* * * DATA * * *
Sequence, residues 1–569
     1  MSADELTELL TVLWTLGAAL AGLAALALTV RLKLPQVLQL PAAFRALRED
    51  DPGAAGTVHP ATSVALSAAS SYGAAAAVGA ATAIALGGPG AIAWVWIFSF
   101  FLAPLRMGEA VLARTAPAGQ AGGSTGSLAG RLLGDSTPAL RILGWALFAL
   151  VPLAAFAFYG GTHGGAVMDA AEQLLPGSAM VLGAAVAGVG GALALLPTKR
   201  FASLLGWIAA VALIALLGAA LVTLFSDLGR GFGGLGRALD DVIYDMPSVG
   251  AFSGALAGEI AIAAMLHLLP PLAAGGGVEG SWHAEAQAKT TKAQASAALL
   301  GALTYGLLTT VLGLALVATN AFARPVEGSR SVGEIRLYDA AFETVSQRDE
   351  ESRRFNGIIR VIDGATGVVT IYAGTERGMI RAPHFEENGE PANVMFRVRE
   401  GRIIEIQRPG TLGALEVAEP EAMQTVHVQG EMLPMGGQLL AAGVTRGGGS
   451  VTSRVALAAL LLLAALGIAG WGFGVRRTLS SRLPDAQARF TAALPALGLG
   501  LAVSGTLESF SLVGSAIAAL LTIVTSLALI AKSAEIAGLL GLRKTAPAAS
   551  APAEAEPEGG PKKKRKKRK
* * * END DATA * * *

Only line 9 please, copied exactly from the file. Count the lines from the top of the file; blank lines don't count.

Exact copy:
   351  ESRRFNGIIR VIDGATGVVT IYAGTERGMI RAPHFEENGE PANVMFRVRE